So the first step in becoming ultimately responsible to your customer is to be ultimately responsible internally. You might start with a conversation around what’s important to you, what you stand for. I’m thinking here of the analogy of the 3 brick layers. On being asked what they were doing, one said he was laying bricks (duh), one that he was building a wall (also somewhat obvious) while the third said he was being a cathedral. What do you do? Are you making casters or are you making it easier for people to move things? Are you mixing ingredients or are you feeding the world?

These are aspirational. It can drive some people crazy. If you want the kind of culture that we’re talking about here – one that is certainly aspirational in its own right – then you need to think that way to start. Not sure what the first step is and think that your team might not sit down and talk all that “woo woo” stuff?


first, see it

Take a walk around your shop floor today. Notice what’s going right. What are people doing well? Do you see anyone problem-solving? Call them out. Tell them what they are doing that caught your attention and why it matters. They will remember it forever. Almost equally as importantly, you’ve also caught the attention of the subconscious brain of everyone within earshot. Whether they grumble about it in person or applaud you for noticing good work, they just ticked the box on how to get rewarded and every brain seeks reward.

 “Joe, great job on that. I noticed how you were so careful with that product while you were moving it over to the customer tray. That will make all the difference when we go to ship it to them so it has no marks or dirt.”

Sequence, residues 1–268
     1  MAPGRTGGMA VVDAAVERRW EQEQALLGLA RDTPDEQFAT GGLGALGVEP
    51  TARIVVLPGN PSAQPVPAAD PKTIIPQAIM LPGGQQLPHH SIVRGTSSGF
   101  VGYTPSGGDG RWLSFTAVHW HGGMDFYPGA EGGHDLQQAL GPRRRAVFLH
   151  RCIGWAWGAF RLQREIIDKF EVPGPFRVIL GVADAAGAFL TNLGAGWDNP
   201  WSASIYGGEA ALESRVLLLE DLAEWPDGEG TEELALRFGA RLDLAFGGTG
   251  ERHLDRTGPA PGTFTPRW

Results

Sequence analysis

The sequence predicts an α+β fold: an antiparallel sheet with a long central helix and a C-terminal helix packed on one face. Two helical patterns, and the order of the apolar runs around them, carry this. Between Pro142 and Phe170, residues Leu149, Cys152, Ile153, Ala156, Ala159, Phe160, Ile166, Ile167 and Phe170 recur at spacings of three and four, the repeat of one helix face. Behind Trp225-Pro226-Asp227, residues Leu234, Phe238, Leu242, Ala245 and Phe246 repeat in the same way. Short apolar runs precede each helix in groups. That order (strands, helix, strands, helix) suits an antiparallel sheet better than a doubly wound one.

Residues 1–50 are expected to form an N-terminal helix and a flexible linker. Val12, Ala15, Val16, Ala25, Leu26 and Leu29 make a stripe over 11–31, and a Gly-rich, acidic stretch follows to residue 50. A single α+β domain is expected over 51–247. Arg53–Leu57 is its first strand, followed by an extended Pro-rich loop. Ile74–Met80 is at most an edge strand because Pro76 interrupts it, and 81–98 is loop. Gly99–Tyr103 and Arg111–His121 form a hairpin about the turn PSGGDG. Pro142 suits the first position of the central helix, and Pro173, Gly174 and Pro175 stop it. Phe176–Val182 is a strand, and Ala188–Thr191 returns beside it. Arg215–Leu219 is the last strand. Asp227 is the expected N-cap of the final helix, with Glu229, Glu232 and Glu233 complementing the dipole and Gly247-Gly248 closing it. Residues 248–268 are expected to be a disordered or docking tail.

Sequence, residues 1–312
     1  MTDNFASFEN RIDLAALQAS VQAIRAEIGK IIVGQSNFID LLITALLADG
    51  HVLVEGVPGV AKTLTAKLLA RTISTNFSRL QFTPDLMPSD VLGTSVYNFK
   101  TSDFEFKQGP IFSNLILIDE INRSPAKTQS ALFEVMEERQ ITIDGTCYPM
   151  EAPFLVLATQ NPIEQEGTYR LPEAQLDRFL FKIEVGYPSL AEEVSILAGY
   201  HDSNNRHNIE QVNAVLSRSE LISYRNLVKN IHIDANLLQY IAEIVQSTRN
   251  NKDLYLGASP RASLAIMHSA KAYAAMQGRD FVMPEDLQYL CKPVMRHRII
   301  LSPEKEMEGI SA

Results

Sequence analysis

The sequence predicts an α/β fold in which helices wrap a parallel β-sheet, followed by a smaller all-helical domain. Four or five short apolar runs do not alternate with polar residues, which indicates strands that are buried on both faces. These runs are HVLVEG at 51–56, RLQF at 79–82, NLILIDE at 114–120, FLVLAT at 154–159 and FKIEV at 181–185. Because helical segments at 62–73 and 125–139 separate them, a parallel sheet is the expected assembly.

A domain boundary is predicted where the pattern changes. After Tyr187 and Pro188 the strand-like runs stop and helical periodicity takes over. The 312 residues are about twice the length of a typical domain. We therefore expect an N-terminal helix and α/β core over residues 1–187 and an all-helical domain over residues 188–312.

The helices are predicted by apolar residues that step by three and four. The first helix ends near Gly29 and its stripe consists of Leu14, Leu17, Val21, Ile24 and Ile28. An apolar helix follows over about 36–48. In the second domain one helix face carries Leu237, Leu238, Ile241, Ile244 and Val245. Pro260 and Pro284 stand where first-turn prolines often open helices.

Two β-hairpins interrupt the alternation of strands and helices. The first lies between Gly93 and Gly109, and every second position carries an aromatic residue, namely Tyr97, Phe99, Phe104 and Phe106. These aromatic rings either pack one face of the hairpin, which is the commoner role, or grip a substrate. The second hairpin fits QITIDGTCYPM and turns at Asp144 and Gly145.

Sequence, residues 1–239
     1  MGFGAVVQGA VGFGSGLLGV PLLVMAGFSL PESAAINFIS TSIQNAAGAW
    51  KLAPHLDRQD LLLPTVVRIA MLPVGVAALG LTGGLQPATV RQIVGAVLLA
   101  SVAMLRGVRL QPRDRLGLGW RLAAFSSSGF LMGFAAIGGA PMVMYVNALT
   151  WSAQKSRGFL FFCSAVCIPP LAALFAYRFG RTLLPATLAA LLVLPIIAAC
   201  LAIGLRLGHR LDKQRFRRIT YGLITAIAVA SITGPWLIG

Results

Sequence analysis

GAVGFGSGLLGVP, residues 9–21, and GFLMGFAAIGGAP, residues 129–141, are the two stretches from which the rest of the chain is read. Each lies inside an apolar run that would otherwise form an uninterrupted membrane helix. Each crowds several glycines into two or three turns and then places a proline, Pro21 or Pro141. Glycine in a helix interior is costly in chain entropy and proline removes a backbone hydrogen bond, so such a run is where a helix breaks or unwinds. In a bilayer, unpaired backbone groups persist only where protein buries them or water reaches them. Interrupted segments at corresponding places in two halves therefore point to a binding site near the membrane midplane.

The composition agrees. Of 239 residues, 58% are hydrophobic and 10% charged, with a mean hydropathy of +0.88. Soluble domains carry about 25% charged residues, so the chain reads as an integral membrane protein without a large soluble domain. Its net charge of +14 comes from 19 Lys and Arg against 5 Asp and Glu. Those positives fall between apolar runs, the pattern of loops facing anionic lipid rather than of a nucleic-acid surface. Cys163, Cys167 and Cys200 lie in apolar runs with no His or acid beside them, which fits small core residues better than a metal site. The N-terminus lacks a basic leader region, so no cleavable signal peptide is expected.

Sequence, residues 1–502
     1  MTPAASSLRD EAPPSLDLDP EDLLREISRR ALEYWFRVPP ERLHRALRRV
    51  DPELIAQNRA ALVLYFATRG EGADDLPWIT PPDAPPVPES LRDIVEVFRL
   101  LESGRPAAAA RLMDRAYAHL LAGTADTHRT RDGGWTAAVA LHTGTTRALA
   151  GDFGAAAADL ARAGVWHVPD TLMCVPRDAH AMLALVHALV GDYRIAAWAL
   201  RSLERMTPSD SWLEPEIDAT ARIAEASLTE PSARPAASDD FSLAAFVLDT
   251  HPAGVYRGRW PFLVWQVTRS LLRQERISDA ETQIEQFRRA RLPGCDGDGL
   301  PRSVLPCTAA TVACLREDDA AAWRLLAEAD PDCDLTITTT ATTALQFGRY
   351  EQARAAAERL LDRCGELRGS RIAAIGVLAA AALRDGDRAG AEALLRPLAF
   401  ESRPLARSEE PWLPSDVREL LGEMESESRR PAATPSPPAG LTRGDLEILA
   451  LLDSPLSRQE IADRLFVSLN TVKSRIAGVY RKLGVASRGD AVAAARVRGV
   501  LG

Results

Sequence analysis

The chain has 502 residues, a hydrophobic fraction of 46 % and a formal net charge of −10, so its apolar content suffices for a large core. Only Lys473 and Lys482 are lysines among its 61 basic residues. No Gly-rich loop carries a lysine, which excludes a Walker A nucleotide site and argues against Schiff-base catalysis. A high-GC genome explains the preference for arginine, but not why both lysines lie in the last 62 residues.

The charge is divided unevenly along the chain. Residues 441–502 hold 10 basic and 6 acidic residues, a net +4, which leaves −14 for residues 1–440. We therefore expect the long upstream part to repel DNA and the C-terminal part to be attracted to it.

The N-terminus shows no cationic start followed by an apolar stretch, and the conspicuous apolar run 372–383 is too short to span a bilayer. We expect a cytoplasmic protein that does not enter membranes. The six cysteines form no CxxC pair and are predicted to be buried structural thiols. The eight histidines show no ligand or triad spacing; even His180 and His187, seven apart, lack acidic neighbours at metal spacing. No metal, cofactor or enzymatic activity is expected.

“Barb, it looked like you had your hands full there and patiently worked through each piece until it was all complete. It’s so helpful when our team is focused on quality above all else. Great work.”

Notice how the compliments are specific. I start with a praise phrase. Then, tell them specifically what they were doing. They know what they were doing. This is so that they know that you know it, too. Tell them specifically why it was meaningful and what you noticed. Finish with what it means to you, the company, or the customer. They will appreciate you being specific. A “nice job” as you pass is nothing greater than a “hello” or “see ya.” Take the time to talk to them about what you want them to be doing more of by noticing them doing it and commenting on it.


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Next, the Tools

People alone can’t do the work you’re asking them to do. They need tools. They need the right tools. We'll explore more on toolsets you can provide to them to make them more productive in the ways you want them to be later this year.

Interested in further engaging your team with your production and what that means in relation to efficiency and capacity? Ask us at info@cimx.com. Or better yet, schedule a demo or move even faster towards Complete Production Control with a Process Gap Analysis of your shop. You decide, and we look forward to meeting you.  



Contact CIMx Software to see how a Manufacturing Execution System can improve production control for you.